Modern American children have become so disconnected from the source of their food that many kindergarteners think bacon comes from a plant, not a pig, according to a small new survey.
This fundamental misunderstanding also seems to extend to cheese, hot dogs, chicken nuggets, shrimp, and hamburgers, all of which were deemed to be plant-based by a significant number of kids surveyed.
Testing 176 children in the United States between the ages of 4 and 7, researchers found "pervasive errors in their basic food knowledge".
Meat was the most misunderstood, but some vegetables, like deep-fried potatoes, also caused confusion. In the end, nearly half the group sorted french fries into the 'animal-based' category, while about 41 percent placed bacon in the 'vegetable-based' category.
"One reason that children may lack basic food knowledge is because so many of them have very little exposure to how food is grown," the authors suggest.
"With fewer and older Americans farming, the number of children in the United States who live on working farms has dwindled."
At the same time, meat consumption in the US has hit an all-time high, with the average person consuming more than 200 pounds of poultry and red meat in 2018.
Compared to research on a child's understanding of food nutrition, surprisingly little has been done to test their understanding of where food actually originates. Indeed, some past research has indicated young kids have a limited grasp on food production, especially for foods that look quite different from their original ingredients.
In 2014, for instance, a large national survey in the United Kingdom found a third of kids aged 5 to 8 did not know how bread, cheese, or pasta were made.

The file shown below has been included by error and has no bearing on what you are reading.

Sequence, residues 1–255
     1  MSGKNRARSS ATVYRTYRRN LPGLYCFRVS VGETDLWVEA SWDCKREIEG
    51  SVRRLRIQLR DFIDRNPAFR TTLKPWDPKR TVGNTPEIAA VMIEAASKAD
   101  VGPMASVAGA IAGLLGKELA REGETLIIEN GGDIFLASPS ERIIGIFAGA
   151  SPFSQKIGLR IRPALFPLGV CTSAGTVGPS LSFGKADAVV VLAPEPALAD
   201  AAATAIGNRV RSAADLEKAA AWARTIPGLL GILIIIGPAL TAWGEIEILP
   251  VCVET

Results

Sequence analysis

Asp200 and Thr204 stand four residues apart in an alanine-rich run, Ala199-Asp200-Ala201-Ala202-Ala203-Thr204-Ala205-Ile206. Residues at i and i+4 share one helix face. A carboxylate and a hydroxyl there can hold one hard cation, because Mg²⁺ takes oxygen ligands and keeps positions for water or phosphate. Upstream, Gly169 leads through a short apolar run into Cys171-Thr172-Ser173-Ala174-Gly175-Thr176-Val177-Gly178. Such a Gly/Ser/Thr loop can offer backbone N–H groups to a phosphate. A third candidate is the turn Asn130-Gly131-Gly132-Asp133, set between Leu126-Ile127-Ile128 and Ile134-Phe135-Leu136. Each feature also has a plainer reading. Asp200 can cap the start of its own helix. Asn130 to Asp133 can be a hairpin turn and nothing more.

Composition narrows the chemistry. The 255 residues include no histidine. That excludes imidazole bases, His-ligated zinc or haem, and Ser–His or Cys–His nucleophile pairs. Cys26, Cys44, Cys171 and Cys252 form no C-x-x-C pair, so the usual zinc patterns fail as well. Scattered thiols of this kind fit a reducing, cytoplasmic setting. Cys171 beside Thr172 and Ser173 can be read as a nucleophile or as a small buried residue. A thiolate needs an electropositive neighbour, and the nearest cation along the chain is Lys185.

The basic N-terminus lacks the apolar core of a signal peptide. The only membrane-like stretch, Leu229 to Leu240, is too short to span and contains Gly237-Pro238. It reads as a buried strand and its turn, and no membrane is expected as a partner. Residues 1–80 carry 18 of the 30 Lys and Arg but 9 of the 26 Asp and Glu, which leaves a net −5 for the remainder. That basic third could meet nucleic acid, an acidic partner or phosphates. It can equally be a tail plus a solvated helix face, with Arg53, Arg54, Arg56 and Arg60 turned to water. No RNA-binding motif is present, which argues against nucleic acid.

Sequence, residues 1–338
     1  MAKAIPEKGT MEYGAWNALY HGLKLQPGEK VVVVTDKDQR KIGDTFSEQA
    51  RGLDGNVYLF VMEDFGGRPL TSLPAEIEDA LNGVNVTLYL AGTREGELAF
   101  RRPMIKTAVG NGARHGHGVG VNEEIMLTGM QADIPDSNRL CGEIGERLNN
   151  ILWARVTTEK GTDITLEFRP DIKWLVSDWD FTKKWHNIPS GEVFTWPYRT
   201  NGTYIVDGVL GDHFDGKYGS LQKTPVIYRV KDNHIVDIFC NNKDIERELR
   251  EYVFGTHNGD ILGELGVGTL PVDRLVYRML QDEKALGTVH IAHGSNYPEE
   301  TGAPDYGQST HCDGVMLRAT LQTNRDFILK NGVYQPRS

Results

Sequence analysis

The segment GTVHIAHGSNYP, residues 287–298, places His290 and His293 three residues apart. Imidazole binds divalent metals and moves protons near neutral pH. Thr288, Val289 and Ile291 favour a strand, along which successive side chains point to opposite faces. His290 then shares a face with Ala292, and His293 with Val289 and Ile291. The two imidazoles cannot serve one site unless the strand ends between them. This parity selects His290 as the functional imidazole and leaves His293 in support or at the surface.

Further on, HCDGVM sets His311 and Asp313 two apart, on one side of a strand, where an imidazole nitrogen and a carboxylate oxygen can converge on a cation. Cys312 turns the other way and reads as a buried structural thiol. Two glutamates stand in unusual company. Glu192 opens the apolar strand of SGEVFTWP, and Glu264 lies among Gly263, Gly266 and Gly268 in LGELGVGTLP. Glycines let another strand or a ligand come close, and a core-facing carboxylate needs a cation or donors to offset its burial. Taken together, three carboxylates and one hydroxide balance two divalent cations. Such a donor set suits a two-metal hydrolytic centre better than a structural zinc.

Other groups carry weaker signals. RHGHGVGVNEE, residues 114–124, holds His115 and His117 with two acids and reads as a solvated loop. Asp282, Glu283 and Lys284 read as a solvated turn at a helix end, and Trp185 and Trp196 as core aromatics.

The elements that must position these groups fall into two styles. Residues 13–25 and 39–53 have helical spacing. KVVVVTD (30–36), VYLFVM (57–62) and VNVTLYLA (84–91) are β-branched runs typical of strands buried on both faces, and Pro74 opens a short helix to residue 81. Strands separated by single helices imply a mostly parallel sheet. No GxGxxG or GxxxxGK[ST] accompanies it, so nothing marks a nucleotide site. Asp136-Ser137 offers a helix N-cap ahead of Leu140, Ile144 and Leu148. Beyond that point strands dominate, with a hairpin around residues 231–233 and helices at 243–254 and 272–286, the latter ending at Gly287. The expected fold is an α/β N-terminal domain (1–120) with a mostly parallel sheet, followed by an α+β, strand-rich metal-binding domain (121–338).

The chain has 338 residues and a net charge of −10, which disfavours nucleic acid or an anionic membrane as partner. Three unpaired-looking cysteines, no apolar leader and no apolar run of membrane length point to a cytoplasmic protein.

But there's another explanation, too. Parents might be reluctant to honestly tell their children how animal products get on their plates.
"Parents may deliberately withhold information about animal slaughter in an attempt to safeguard children's innocence," the authors of the current study explain "viewing the realities of meat production as too gruesome for children to know at a young age."
Telling a child, for example, that a hamburger comes from a cow is an elusive way to impart information. A kid might think a cow makes hamburgers like a tree makes apples, the authors say. Even when a kid hears that milk comes from cows, they might not understand how.
That might sound ridiculous to an adult, but a 2003 study interviewed kindergarteners about their food and found that many did not realize meat was the flesh of dead animals. Some kids that did know this thought the flesh was harvested from animals that died of natural causes.
"Together, these results indicate that meat may comprise a unique gap in children's food knowledge," the authors write.
"Failing to understand the link between animals and meat may support early dietary preferences that have grave environmental impacts, particularly as they become resistant to change later in life."
When researchers conducted the same surveys among 78 kids between the ages of 6 and 7, they found these slightly older kids were much better at categorizing food items into 'animal-based' or 'plant-based' than the 4- to 5-year-olds.
This suggests a child's food knowledge takes a considerable step forward between the ages of 4 and 7, and yet even older kids still do not appear to fully understand the idea of animals as edible food.
When all the children in the survey were asked to classify foods as either "OK to eat" or "not OK to eat", two-thirds of the younger group incorrectly classified a cow and pig as "not OK to eat". The kids may not realize that beef and pork, respectively, come from those animals.
Researchers suspect young humans start out placing a high value on mammal lives, but as they grow up, those values begin to decline in favor of food.
So if we can figure out how to honestly convey food in ethical and environmental terms to children, we could change how they eat for the rest of their lives.
This is important, as replacing meat is one of the most powerful ways an individual can reduce their carbon footprint.
For kids to understand that, however, they need to know where their food is coming from. And in that department, it seems we have a lot of room for improvement.
The study was published in the Journal of Environmental Psychology.